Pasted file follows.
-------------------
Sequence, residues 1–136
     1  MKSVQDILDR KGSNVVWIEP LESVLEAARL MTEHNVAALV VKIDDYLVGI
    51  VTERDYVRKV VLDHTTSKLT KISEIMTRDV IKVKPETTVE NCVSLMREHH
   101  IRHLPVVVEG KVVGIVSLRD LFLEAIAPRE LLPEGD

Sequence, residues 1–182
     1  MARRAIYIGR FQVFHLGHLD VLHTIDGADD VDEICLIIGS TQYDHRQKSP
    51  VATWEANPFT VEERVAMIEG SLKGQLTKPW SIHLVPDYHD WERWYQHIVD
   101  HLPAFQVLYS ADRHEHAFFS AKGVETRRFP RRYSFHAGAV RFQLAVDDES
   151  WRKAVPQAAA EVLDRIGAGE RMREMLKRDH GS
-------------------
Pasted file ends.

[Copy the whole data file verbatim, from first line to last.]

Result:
Sequence, residues 1–136
     1  MKSVQDILDR KGSNVVWIEP LESVLEAARL MTEHNVAALV VKIDDYLVGI
    51  VTERDYVRKV VLDHTTSKLT KISEIMTRDV IKVKPETTVE NCVSLMREHH
   101  IRHLPVVVEG KVVGIVSLRD LFLEAIAPRE LLPEGD

Sequence, residues 1–182
     1  MARRAIYIGR FQVFHLGHLD VLHTIDGADD VDEICLIIGS TQYDHRQKSP
    51  VATWEANPFT VEERVAMIEG SLKGQLTKPW SIHLVPDYHD WERWYQHIVD
   101  HLPAFQVLYS ADRHEHAFFS AKGVETRRFP RRYSFHAGAV RFQLAVDDES
   151  WRKAVPQAAA EVLDRIGAGE RMREMLKRDH GS